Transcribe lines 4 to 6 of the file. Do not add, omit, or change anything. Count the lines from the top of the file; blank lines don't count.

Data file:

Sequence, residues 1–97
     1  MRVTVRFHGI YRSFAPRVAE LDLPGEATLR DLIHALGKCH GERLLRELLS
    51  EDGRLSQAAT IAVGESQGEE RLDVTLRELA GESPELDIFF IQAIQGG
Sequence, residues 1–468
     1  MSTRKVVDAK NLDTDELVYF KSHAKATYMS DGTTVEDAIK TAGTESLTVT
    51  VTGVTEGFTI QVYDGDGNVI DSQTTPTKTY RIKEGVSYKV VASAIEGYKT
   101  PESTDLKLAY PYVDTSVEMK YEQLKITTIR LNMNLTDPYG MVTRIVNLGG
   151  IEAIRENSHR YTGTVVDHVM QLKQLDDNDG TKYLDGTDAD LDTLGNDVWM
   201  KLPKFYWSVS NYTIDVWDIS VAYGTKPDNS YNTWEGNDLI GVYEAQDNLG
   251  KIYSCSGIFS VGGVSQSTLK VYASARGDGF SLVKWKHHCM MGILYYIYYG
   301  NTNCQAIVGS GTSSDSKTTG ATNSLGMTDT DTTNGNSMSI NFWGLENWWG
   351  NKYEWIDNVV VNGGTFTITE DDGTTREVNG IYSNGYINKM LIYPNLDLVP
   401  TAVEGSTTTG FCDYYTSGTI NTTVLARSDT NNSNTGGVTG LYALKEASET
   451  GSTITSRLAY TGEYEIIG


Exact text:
Sequence, residues 1–468
     1  MSTRKVVDAK NLDTDELVYF KSHAKATYMS DGTTVEDAIK TAGTESLTVT
    51  VTGVTEGFTI QVYDGDGNVI DSQTTPTKTY RIKEGVSYKV VASAIEGYKT